Duchenne muscular dystrophyBMJ 2020; 368 doi: https://doi.org/10.1136/bmj.l7012 (Published 23 January 2020) Cite this as: BMJ 2020;368:l7012
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Fox et al are to be congratulated on their excellent review of Duchenne muscular dystrophy (DMD) and its management . May I comment on the management of some of the disabling consequences of the disease? They correctly report that most individuals with DMD live well into adulthood and that some will be able to gain employment. This needs to be prepared for by discussions with the parents regarding their ability to enable their child to develop self-confidence and social skills particularly from the age of attending secondary school. Provision of appropriate work experience and training enhances the potential to obtain employment [2-3].
This process is enormously enhanced with the use of assistive technology (AT) which was hardly noted in the review, except by Luke Millington commenting on the time he ‘began using a wheelchair’. Taking powered wheelchairs (PW) as just one example of the value of AT, they greatly facilitate the development of social skills by enhancing mobility and social independence. PW also provide opportunities for participation in wheelchair sports e.g. football and basketball which again enhance self-confidence and social participation . Such self-confidence is important for assisting in further education and potential employment and can be facilitated in both primary and secondary care. PW are also important clinical management tools, assisting in the management of problematic pain, kyphoscoliosis, dependent oedema and pressure sore prevention/management .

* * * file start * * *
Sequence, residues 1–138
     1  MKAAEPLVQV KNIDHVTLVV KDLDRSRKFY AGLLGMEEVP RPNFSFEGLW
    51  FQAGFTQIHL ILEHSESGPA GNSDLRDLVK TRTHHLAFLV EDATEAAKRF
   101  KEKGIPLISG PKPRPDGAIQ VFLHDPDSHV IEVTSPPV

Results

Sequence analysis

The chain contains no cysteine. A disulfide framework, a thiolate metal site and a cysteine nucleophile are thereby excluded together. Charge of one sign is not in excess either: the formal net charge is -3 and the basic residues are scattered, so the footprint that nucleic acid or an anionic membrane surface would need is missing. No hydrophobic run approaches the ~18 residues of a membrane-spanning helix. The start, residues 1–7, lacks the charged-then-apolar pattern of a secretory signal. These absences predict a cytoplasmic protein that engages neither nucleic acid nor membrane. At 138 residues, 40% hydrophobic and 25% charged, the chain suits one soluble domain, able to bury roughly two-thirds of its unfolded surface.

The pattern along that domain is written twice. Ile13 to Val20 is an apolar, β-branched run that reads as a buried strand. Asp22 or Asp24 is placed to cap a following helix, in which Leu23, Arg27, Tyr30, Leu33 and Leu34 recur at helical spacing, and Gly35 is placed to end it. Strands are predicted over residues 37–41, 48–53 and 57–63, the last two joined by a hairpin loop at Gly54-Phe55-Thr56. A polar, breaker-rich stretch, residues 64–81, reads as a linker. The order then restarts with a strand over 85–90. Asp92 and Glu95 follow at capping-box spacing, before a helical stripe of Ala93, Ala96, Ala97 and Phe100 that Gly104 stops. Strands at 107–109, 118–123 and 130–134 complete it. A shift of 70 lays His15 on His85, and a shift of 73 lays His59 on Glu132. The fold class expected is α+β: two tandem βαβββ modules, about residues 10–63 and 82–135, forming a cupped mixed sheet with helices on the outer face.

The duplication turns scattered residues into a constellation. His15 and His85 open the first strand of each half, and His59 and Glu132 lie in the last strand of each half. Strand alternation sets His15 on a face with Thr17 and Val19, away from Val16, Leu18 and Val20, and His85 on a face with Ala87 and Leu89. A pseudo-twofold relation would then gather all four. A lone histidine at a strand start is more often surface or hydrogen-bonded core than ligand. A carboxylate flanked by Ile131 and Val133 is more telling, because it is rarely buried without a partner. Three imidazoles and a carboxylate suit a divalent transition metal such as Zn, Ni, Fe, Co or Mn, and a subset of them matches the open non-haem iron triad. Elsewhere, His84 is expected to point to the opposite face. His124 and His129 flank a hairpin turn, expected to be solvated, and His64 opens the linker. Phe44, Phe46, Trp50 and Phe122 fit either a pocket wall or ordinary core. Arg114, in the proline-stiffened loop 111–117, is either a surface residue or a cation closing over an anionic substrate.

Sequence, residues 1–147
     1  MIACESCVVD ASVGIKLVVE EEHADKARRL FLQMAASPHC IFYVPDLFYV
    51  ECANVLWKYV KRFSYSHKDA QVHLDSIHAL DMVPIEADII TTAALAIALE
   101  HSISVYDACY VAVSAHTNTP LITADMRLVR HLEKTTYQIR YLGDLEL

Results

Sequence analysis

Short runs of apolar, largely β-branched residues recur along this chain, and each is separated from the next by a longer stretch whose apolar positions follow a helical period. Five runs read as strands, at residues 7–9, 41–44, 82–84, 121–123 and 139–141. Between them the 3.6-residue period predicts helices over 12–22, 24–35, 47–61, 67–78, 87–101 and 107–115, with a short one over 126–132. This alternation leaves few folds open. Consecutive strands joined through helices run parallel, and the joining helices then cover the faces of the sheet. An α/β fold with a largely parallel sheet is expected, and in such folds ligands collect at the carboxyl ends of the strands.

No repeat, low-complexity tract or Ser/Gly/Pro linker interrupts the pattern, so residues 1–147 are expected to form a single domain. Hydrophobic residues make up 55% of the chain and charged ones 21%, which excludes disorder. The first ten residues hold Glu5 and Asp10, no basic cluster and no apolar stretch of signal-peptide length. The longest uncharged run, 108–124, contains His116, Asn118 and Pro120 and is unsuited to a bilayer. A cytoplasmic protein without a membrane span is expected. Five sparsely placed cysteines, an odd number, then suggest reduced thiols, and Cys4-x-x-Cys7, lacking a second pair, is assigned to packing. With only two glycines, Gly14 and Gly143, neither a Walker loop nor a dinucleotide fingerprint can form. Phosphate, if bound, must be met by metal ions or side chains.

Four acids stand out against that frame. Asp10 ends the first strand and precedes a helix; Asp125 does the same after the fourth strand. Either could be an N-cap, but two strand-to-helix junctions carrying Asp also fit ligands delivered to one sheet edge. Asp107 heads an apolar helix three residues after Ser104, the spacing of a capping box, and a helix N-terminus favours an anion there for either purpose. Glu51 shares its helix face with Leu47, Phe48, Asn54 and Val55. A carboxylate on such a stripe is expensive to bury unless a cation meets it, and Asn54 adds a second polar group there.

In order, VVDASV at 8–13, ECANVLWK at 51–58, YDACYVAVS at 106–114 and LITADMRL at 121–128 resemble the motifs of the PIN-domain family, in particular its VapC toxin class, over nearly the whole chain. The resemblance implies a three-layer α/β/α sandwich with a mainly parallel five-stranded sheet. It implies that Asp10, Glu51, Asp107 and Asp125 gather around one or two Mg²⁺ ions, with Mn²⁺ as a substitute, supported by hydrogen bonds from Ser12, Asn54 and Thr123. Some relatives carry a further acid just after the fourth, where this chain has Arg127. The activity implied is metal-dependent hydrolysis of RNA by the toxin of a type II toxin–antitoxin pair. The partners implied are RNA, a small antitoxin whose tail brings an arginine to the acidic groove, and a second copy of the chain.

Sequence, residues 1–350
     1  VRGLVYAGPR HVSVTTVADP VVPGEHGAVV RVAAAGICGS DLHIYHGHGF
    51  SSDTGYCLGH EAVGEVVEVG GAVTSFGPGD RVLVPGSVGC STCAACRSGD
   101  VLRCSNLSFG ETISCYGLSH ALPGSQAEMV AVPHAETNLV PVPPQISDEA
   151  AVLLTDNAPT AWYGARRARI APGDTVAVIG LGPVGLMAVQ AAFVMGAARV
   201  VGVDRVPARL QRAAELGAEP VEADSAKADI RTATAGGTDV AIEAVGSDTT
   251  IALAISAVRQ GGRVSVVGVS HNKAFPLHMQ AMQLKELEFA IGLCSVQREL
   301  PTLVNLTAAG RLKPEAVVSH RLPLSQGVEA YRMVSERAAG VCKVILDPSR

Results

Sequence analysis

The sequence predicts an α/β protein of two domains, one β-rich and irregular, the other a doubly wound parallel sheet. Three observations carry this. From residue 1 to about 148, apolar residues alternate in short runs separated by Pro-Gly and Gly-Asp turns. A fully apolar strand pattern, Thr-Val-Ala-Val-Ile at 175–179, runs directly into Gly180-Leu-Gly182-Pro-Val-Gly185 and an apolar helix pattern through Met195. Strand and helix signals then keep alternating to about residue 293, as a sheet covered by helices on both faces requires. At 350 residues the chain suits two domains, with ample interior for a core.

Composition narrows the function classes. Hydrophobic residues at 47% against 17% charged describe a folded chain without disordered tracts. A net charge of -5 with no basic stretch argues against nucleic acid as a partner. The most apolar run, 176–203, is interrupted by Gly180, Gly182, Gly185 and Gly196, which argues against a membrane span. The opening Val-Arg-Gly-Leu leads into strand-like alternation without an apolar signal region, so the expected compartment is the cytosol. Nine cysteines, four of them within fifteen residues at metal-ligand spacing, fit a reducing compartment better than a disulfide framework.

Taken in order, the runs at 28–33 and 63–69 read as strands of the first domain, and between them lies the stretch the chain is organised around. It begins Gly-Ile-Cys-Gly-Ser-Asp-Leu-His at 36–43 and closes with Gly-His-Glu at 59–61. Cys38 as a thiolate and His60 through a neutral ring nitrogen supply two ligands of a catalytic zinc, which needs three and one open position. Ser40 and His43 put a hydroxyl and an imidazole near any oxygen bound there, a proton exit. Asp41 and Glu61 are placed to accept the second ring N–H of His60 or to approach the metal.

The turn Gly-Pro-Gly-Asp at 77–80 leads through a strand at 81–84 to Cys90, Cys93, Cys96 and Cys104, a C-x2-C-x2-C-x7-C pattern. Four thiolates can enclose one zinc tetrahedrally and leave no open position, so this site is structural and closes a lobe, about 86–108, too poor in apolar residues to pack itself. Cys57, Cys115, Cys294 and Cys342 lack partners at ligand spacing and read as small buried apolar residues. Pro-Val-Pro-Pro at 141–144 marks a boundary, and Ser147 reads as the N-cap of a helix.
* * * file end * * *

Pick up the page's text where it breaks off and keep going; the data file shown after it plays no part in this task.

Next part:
PW also facilitate use of environmental control units that enhance many aspects of individuals’ lives both indoors and outdoors together with communication equipment if needed .
Increasing independence of these young people also reduces carer strain, usually born by the parents . AT has enormous implications for quality of life, personal independence, carers and clinical management.
1. Fox, H., et al., Duchenne muscular dystrophy. BMJ (Clinical research ed.), 2020. 368: p. l7012.
2. Connolly, P. and T. Stevens, Get back to where we do belong. 2016, London, UK.: Disability Rights UK.
3. Frank, A., Vocational rehabilitation: supporting ill or disabled individuals in(to) work: a UK perspective. Healthcare, 2016. 4(46). https://www.ncbi.nlm.nih.gov/pmc/articles/PMC5041047/
4. Evans, S., et al., Young people's experiences using electric powered indoor-outdoor wheelchairs (EPIOCs): potential for enhancing users' development? Disabil Rehabil, 2007. 19(16): p. 1281-1294.
5. Frank, A.O. and L.H. De Souza, Clinical features of children and adults with a muscular dystrophy using powered indoor/outdoor wheelchairs: disease features, comorbidities and complications of disability. Disability and Rehabilitation, 2017: p. 1-7.
6. Frank, A., Transitional services for young adults: role of rehabilitation teams and assistive technology neglected? eBMJ, 2007. 334(7606).
7. Frank, A., et al., Electric Powered Indoor/outdoor Wheelchairs (EPIOCs): users views of influence on family, friends and carers. Disability & Rehabilitation Assistive Technology, 2010. 5(5): p. 327-338.
Competing interests: Trustee of the Vocational Rehabilitation Association